Give us your opinion of Kees flies [Videoland]
Director: Monique Nolte| Script: Monique Nolte | Cast:[/i] Kees Momma, Willem Momma, Henriëtte Momma, Jasper Momma, Ellen Leteijn, Ghislaine Esselaar, etc. [b]Time to play: 105 minutes | Year: 2023
In 1998 Monique Nolte gave away with her documentary trainman A glimpse into the life of Kees Momma, a man with autism who never left his parents’ home. In 2014 he came up with the sequel. The best for Keith. Nine years later, Nolte arrives with a third documentary, Kees flies out. An optimistic title, perhaps too optimistic. Because flying is very complicated.
After complete All the best to Keith he has continued to follow Nolte Kees and has collected enough material over the last nine years to fill another 105 minutes with his daily problems. She did not let him out of her sight and Kees, on the contrary, kept her informed about her life, as can be seen from the messages that he reads to her in the voice-over.
Their struggles seem to have increased in recent years. Kees has misophonia and can’t handle sounds like humming, banging, or slurping. He is extremely worried about climate change, every hot day makes him panic. A sentiment that Nolte emphasizes with dramatic images of melting icebergs and a blazing sun against a clear blue sky.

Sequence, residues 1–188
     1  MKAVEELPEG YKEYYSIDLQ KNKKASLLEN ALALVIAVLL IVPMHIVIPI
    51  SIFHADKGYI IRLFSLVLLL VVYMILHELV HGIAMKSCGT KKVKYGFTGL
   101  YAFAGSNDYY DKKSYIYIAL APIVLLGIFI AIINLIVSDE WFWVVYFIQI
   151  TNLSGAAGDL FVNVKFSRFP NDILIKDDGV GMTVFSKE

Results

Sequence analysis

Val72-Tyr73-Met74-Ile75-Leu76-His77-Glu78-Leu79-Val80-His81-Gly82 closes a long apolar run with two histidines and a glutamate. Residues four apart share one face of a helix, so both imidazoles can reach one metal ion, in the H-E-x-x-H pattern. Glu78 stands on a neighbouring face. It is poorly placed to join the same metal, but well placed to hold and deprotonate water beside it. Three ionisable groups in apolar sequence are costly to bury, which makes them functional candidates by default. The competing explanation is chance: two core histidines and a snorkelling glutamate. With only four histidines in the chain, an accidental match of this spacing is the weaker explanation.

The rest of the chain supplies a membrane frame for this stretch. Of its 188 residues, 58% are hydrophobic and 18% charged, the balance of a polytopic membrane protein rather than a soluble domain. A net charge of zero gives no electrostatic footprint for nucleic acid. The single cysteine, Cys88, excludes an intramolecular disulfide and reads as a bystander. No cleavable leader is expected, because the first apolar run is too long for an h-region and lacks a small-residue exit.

But the biggest change has occurred inside. Her parents, both in their nineties, are deteriorating. In preparation for what will inevitably happen one day, she bought Kees a house. Kees flies out he jumps back in time to record the process of getting used to his own place to live, and thus being separated from his parents. Kees is in his mid-fifties, but experiences what a teenager usually goes through.
Kees speaks her mind and also determines what is shown and what is not. He can perfectly explain how he feels and why he feels that way. Either genuine enthusiasm or fear of suicidal tendencies. He often allows the camera to record his worries, but he also says it when he’s done and the camera crew has to get over it. He has also determined that his father shouldn’t talk too much, because he often says things that Kees doesn’t like. The director respectfully complied.
Living alone brings feelings of depression and loneliness. Step by step, Kees tries to get used to his own “housing apartment”, but it’s not easy. In the process he also looks for a replacement for his parents, particularly his mother. Maybe a volunteer? Or his brother and his partner? Kees is on the brink of despair, and meanwhile, curses when things don’t turn out the way he thinks they should.
Nolte has known Kees flies out once again a moving, but also heartbreaking portrait of an honest person. Someone who constantly mirrors himself and also gets in his way. The documentary is a bit long and is repeated regularly. But hey, Kees too.
Kees flies out can be seen in videoland.